News analysis

George Bush once again accused Iran of continuing to “harbor and assist terrorists,” July 21, warning of the consequences. Israel, as well, on July 21, accused Iran of “trying everything” to get nuclear weapons, and that if it succeeded, it would threaten a far wider theatre than just the Middle East.

Obviously these allegations should be seen in the context of deepening crisis in Iraq and the planned meeting between Bush and Sharon. It should be noted that Israel has consistently argued that the U.S. take direct military action against Iran, and there are also powerful elements within the Bush administration pressing for another “regime change.”

While allegations circulate that the UN inspectors found enriched uranium in environmental samples, the stage is being set by the Bush administration to use WMDs as a “Weapon of Mass Deception,” whipping up fear to justify an attack or blatant interference in the internal affairs of Iran.

As in Iraq, Iran faces an immensely unpopular, despotic regime, which is increasingly isolated from its people, and is incapable of presenting any coherent strategy against the U.S. threats. However, the anti-American rhetoric of Iran’s reactionary rulers are seen by the majority of Iranians as hollow propaganda, which will ultimately play into the hands of the U.S. hawks.

The regime’s rhetoric, particularly when foolishly posturing its military capability, as in the case of provocative remarks last week by Ayatollah Ali Khamenei, is a dangerous bluff. Instead, the government should be moving in the opposite direction, depriving the Bush administration of any pretext for aggression.

The Tudeh Party recently stated that “all kinds of provocative policies and adventurism must be avoided … [the regime] through negotiation and cooperation with international organizations should greatly limit any grounds for military attack against Iran.”

In recent weeks, a number of experts and members of parliament in Iran have argued for accepting the International Atomic Energy Agency’s “additional protocol” in order to defuse international pressure. Tarkashvand, a member of Majlis (parliament) while expressing caution towards signing of stricter terms proposed under the “Treaty on the Non-Proliferation of Nuclear Weapons,” (NPT) stated: “It is in our national interest to prevent an international unanimity leading to passage of a UN resolution against Iran. … While the world’s opinion is against the proliferation of WMDs and their usage by countries such as Iran – through a realistic approach we must not provide anyone with any pretext [to invade].”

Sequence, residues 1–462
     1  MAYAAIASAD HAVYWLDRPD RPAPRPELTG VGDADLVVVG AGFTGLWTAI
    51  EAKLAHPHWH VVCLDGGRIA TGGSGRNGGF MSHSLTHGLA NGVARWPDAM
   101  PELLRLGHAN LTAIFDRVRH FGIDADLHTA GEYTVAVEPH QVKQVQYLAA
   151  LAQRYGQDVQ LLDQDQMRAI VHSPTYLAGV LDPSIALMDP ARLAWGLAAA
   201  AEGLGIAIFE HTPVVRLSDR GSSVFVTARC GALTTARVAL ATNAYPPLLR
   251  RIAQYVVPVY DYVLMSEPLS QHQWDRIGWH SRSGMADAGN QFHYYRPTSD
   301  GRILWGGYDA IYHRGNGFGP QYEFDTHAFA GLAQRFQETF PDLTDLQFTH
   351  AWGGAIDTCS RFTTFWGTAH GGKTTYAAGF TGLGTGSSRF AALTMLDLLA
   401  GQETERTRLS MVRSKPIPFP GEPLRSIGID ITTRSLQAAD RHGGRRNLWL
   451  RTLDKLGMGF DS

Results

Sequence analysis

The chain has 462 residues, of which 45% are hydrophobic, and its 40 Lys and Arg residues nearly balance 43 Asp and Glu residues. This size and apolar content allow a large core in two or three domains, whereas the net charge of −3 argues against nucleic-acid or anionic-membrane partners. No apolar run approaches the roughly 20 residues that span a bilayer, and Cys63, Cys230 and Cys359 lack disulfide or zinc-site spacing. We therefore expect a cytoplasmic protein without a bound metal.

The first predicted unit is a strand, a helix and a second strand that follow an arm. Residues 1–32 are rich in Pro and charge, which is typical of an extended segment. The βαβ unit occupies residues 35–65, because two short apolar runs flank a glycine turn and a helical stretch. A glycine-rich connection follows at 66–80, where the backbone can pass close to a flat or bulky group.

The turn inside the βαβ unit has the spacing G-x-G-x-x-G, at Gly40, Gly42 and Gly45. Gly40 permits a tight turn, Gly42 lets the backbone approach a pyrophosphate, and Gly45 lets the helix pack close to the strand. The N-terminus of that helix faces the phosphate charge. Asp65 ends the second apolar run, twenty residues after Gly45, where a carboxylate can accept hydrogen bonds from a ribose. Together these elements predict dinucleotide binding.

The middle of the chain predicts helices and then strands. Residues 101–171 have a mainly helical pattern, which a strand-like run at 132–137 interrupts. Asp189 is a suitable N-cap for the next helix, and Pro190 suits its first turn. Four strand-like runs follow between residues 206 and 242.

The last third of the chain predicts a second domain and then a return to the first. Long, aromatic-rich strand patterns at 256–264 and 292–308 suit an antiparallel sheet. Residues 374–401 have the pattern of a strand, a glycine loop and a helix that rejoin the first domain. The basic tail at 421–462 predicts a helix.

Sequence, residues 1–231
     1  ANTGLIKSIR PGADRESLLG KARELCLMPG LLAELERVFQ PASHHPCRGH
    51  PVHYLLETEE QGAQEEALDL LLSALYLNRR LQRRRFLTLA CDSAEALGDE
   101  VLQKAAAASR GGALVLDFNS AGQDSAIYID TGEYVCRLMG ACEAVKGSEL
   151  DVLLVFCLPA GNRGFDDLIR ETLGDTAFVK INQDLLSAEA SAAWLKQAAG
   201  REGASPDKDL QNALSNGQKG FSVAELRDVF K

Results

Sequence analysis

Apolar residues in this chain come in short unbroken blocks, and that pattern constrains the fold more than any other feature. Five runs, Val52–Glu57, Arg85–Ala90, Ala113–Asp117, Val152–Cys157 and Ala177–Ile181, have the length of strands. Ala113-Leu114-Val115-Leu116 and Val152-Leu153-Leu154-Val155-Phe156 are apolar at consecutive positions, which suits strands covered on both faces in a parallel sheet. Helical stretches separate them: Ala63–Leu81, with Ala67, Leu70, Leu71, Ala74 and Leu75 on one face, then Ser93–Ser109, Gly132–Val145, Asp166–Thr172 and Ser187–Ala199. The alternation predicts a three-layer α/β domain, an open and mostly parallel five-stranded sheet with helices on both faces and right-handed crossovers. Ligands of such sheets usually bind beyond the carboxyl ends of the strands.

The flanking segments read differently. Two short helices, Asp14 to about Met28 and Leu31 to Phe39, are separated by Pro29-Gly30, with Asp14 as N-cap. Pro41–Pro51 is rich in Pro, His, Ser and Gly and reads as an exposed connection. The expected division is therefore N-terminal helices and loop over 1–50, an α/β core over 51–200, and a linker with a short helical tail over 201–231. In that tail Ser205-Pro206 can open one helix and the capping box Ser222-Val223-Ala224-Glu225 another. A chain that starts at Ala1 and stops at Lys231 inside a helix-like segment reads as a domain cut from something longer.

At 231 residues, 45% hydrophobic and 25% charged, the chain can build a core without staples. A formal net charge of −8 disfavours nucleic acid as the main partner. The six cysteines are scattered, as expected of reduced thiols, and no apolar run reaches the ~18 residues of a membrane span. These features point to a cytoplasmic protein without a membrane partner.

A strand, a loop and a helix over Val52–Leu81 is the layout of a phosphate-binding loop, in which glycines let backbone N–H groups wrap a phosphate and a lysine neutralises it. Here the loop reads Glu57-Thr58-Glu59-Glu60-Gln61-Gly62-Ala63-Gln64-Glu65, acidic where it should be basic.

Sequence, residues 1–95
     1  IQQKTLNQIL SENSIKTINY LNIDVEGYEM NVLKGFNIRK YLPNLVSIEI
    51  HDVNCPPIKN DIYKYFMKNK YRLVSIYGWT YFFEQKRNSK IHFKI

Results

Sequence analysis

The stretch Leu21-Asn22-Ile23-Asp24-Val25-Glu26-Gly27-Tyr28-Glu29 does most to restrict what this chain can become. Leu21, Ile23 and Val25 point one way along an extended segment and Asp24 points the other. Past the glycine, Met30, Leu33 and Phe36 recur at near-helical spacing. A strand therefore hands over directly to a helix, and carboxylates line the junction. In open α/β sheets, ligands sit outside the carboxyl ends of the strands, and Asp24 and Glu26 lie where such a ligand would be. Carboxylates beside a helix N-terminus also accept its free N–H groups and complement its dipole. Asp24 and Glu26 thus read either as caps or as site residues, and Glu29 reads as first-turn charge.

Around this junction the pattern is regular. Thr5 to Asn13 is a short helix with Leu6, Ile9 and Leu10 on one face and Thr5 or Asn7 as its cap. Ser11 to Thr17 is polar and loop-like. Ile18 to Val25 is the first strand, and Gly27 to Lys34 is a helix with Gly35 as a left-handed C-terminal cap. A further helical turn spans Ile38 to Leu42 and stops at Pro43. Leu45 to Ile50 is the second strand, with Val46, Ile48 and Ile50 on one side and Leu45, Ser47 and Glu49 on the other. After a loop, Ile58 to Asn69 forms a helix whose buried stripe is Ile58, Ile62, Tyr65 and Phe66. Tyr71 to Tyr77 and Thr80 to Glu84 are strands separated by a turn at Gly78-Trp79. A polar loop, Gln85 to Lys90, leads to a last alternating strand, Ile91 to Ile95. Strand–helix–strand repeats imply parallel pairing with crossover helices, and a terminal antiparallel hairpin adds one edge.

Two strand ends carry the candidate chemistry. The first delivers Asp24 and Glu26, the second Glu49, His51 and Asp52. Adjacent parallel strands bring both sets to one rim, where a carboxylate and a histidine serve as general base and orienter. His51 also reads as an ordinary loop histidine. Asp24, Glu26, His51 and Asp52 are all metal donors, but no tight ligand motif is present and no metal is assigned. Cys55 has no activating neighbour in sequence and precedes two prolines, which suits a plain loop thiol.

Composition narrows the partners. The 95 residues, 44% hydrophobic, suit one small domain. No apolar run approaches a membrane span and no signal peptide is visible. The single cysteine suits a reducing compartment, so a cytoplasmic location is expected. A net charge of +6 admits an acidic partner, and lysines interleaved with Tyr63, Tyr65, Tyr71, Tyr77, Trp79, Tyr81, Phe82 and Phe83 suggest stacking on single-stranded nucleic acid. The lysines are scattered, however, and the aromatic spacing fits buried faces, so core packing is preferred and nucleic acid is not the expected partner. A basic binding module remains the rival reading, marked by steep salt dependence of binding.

The U.S. military machine is equipped with an array of deadly and horrific weaponry, including a new generation of tactical nuclear devices. The Pentagon has officially stated the possibility of using its WMDs. Therefore the real nuclear threat in the region is from the U.S., not to mention the military dictatorship in Pakistan and the U.S.’s strategic ally, Israel, both of which are nuclear powers.

Iran is once again reaching a decisive juncture where the ruling regime is faced with both an internal and external crisis. U.S. imperialism is determined to directly influence the unfolding events in Iran. The exaggerated nuclear threat and Bush’s bogus support for Iran’s democracy movement are among the tools to ensure that future changes in Iran are in line with the administration’s strategic plans and economic interests, not democracy and development.

The people of Iran face a dual danger: On the one hand there is a growing threat from American militarism; on the other hand the reactionary rulers may unleash a bloody crackdown against the growing opposition. In both cases, the struggle for democracy will suffer the consequences and Iranian democrats will be the victims.

Gaining nuclear capability, particularly by a reactionary regime such as Iran’s, is objectionable to all progressive forces. However, all attempts must be made to prevent U.S. aggression and interference in Iran, while at the same time not providing any pretext of support for or lending any legitimacy to Iran’s repressive regime.

Nima Kamran is a correspondent from the Tudeh Party of Iran and can be reached at